Let’s see if we got this straight. Mississippi’s universities and colleges teach the principles of American government, don’t they?
Well then, why don’t they realize that freedom of speech is a basic right that belongs to everybody—even the lowliest freshmen on their campuses.
See, it says right here in the very First Amendment to the U.S. Constitution that government shall make no law abridging the freedom of speech. And as the late Justice Hugo Black once explained to those who are rather dense, “No means no.”
So then what is it our erudite institutions of higher learning don’t understand about the word “no”—the “n” or the “o”?
Hinds Community College recently missed the point of the First Amendment altogether when Isaac Rosenbloom, a 30-year-old father of two let the F-word slip as he was leaving a class at Hinds Community College.
He was hacked off because he received a “D” on a speech he’d given in his oral communication class. “The grade is going to F-up my GPA,” he told another student. His teacher overheard him and said she was going to send him to detention.
After a disciplinary hearing, Rosenbloom was found to be guilty of “flagrant disrespect” and received an involuntary withdrawal from the oral communications class, which knocked him below the required hours needed for the federal Pell Grant, which is the primary source of his tuition.
The community college backed down, however, after Rosenbloom contacted an attorney and drew national attention to the public college’s rather shaky free speech policy.
Unfortunately, the college isn’t the only public institution in Mississippi that didn’t get the word about the 218-year-old First Amendment.
Old Miss bristles at students using speech like “I hate Southern Miss.” Jackson State students could even be punished for unsolicited flirting, and most of the campuses’ students could find themselves in hot water for speaking freely about public issues, like abortion, outside so-called “free-speech zones.”
Apparently those schools are unaware of the fact all of America is “a free-speech” zone, and the courts have backed that important concept.
Yes, freedom of speech, like all other freedoms which are protected by the First Amendment, is of vital importance.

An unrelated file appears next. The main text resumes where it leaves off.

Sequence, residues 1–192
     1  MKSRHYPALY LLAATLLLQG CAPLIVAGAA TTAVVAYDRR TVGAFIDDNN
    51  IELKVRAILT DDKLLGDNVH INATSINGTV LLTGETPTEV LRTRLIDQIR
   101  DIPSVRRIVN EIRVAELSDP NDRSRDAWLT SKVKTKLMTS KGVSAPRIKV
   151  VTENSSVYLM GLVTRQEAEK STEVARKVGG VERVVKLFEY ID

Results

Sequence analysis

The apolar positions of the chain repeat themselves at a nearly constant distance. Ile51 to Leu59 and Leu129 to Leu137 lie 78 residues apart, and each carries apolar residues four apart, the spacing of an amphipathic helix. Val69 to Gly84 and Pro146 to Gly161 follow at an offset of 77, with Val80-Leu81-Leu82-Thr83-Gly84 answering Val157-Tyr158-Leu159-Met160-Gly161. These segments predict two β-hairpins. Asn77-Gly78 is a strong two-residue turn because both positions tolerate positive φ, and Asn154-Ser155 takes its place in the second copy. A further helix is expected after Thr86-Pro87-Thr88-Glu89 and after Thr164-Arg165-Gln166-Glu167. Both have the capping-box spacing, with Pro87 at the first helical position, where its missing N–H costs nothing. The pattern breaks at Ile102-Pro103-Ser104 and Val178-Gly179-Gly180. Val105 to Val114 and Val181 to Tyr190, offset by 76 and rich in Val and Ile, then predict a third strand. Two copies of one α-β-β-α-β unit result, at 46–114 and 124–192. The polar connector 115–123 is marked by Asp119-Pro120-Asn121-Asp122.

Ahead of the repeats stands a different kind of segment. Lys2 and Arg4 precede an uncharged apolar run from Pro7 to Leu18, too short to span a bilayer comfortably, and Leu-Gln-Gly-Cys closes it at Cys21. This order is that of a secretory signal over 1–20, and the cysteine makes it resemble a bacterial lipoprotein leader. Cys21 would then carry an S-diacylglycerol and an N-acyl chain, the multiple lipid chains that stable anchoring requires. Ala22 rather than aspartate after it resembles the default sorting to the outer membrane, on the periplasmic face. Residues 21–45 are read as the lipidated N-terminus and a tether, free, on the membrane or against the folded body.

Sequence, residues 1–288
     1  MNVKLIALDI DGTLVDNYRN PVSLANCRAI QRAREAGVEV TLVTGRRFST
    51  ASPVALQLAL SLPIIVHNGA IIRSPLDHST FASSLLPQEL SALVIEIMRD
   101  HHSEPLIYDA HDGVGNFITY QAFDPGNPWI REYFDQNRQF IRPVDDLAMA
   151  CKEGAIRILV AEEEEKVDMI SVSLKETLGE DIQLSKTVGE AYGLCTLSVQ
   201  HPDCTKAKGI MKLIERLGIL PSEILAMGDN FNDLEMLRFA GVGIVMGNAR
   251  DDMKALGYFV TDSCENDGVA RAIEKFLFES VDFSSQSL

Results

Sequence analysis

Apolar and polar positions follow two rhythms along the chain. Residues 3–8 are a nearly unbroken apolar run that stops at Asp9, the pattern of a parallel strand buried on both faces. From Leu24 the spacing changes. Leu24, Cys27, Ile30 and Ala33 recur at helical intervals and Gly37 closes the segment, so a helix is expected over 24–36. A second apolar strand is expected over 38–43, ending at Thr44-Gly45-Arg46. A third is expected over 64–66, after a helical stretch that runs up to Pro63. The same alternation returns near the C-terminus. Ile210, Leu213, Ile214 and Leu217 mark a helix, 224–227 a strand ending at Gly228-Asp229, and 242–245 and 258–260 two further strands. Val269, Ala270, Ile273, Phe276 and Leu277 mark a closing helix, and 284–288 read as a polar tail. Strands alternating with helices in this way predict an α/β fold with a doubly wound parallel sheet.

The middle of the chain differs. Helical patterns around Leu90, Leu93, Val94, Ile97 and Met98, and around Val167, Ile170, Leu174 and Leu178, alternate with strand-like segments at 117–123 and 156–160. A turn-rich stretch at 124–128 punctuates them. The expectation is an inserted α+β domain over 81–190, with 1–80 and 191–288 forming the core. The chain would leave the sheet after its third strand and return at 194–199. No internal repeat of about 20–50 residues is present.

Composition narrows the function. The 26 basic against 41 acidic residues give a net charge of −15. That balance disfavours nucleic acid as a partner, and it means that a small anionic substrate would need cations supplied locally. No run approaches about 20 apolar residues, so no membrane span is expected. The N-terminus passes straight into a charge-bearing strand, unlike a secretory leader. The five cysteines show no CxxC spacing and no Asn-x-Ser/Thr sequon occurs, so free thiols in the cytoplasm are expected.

“If men are to be precluded from offering their sentiments on matters which may involve the most serious and alarming consequences that can involve the consideration of mankind, reason is no use to us,” George Washington once commented, adding that “If the freedom of speech is taken away, then dumb and silent we may be led like sheep to the slaughter.”
Justice Black also rejected the idea that government was entitled to punish “obscene” speech,” and he further contended, “I have always believed under the First and 14th amendments neither the state nor the federal government has any authority to regulate or censor the content of speech.”
Even though Author Marshall Lumsden had a point when he said, “At no time is freedom of speech more precious than when a man hits his thumb with a hammer,” we almost never condone obscene speech. Normally, using it is just plain bad taste.
More important than not banning obscenity, however, we believe students, as well as all Americans, have the right to speak out freely on public issues.
“The only valid censorship of ideas is the right of people not to listen,” Comedian Tommy Smothers thoughtfully reflected.
Even so, we also believe it is good that the right of free speech, like all other rights, should be tempered, but not government mandated, with wisdom and respect.
“It is by the goodness of God that in our country we have three unspeakable precious things: freedom of speech, freedom of conscience, and the prudence never to practice either,” Mark Twain once quipped.
Ever once in a while, even that might be good advice.